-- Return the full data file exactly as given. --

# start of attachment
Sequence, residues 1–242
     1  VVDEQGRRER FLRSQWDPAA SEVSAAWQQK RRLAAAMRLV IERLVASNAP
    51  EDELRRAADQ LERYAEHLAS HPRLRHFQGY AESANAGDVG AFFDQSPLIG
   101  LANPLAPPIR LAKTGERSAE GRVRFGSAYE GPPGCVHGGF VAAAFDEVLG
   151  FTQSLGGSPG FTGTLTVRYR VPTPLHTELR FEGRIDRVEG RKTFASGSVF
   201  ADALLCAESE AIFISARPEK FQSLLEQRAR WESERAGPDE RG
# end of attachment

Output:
Sequence, residues 1–242
     1  VVDEQGRRER FLRSQWDPAA SEVSAAWQQK RRLAAAMRLV IERLVASNAP
    51  EDELRRAADQ LERYAEHLAS HPRLRHFQGY AESANAGDVG AFFDQSPLIG
   101  LANPLAPPIR LAKTGERSAE GRVRFGSAYE GPPGCVHGGF VAAAFDEVLG
   151  FTQSLGGSPG FTGTLTVRYR VPTPLHTELR FEGRIDRVEG RKTFASGSVF
   201  ADALLCAESE AIFISARPEK FQSLLEQRAR WESERAGPDE RG